Dr De Villiers has accepted his deficiencies in the case
A disabled epileptic patient died following \"deficiencies\" in a doctor's out-of-hours consultation, a Wiltshire inquest has heard.
Andrew Dodson, 36, suffered a seizure at his home in Penhill, Swindon, shortly after complaining of a severe stomach bug on 21 April 2007.
The hearing at Trowbridge Town Hall heard he had been prescribed an anti-nausea drug by Dr David De Villiers.
Coroner David Masters recorded a narrative verdict on Mr Dodson.
Mr Dodson was suffering from sickness and diarrhoea for 15 hours before his family contacted the Clover Centre in the Great Western Hospital.
Dr De Villiers told the inquest at Trowbridge Town Hall he was too busy for a proper consultation when he prescribed the anti-nausea drug Buccastem to Mr Dodson.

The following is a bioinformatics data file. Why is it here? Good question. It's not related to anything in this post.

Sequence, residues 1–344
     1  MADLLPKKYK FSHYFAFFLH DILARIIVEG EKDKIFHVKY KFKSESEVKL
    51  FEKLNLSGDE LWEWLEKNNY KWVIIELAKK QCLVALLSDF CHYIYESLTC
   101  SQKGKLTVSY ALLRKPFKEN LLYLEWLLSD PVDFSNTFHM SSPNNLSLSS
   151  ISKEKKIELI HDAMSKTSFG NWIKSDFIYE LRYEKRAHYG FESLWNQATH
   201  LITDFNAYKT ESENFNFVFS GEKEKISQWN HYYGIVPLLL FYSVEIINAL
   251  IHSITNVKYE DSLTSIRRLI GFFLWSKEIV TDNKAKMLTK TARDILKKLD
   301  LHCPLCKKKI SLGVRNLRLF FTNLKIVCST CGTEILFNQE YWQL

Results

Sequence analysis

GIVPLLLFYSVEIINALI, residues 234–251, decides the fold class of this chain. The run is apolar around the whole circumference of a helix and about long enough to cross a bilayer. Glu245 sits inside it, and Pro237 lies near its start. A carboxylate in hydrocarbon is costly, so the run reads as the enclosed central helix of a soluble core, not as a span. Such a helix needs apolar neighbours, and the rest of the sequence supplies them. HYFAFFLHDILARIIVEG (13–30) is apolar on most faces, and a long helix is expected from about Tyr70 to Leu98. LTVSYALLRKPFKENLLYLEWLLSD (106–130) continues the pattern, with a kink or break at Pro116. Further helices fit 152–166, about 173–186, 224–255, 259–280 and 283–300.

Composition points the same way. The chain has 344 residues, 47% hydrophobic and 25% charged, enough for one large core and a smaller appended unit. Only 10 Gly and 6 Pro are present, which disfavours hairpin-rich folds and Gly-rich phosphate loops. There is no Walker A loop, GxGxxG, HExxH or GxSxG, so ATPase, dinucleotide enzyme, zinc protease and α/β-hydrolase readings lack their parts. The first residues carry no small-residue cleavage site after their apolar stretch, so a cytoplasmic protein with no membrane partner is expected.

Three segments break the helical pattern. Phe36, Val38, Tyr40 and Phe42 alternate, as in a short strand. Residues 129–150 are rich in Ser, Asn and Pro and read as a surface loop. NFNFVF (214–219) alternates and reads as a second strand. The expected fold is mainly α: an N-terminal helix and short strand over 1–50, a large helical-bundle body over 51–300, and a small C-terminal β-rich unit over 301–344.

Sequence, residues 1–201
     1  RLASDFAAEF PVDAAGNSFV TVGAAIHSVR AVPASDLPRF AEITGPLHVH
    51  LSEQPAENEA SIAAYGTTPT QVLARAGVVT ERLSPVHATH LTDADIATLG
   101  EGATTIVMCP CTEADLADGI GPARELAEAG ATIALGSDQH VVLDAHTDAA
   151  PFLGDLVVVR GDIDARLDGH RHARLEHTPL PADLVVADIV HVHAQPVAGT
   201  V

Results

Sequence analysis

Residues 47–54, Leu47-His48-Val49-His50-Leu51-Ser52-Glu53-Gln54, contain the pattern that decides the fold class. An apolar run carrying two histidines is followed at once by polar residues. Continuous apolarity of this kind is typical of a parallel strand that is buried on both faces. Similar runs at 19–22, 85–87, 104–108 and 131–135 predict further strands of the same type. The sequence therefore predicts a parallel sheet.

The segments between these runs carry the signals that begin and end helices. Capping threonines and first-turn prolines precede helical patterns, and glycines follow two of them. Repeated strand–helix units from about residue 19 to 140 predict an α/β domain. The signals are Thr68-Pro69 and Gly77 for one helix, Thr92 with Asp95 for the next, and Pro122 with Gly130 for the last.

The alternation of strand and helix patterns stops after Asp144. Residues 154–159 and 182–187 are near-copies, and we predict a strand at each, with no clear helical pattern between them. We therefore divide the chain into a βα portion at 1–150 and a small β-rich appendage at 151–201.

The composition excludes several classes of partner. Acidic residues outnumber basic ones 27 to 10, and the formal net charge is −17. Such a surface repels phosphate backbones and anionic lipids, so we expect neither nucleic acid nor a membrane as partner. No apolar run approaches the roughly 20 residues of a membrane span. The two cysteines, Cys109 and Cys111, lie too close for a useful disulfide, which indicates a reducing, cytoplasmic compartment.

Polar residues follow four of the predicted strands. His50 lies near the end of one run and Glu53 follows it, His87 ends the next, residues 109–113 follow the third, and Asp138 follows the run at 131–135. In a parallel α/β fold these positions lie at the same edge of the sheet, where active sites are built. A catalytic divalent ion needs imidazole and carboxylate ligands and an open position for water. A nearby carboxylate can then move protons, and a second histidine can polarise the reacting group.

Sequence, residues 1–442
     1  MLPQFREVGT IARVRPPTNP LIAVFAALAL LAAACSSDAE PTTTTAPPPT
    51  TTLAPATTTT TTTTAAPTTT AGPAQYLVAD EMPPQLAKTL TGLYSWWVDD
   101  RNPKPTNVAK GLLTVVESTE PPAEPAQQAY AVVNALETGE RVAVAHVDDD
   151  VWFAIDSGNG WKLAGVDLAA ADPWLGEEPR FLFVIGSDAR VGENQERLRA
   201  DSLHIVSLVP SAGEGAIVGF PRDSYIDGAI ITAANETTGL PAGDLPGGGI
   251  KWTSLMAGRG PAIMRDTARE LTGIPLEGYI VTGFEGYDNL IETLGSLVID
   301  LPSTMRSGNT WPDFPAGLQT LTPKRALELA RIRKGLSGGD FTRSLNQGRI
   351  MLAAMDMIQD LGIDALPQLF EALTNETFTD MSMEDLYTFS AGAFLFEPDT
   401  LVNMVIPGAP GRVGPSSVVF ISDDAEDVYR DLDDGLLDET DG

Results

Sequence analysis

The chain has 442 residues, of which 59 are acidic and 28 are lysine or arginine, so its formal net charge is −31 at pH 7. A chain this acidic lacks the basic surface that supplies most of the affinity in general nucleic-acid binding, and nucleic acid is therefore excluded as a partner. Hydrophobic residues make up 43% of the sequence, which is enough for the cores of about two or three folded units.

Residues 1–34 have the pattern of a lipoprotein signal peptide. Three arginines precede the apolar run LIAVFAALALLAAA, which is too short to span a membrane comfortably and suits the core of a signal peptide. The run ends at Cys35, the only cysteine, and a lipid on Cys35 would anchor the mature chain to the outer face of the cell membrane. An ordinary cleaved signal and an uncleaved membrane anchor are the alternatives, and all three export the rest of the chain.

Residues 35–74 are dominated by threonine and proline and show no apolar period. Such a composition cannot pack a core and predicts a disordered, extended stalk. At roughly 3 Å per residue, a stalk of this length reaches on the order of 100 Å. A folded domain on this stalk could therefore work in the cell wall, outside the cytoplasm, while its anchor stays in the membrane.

He did offer the alternatives of a home visit or the option for Mr Dodson to come into hospital.
Dr De Villiers advised Mr Dodson's father that his son should take fluids and that he would fax a prescription for Buccastem to a supermarket pharmacy and that this would stop the vomiting and diarrhoea and prevent dehydration.
Before recording a narrative verdict, Wiltshire coroner David Masters said: \"What Dr De Villiers doesn't do is ask about any pre-existing condition in Andrew.
\"He therefore doesn't learn as clearly he should have done about Andrew's pre-existing epileptic condition.
\"Neither does he ask about what medication Andrew is on despite being told he is on medication.
\"Dr De Villiers doesn't advise as to what the family should do if Andrew's condition changed or worsened and very fairly and frankly, Dr De Villiers accepts those deficiencies.
\"He should have known he suffered from epilepsy because it might have been relevant.\"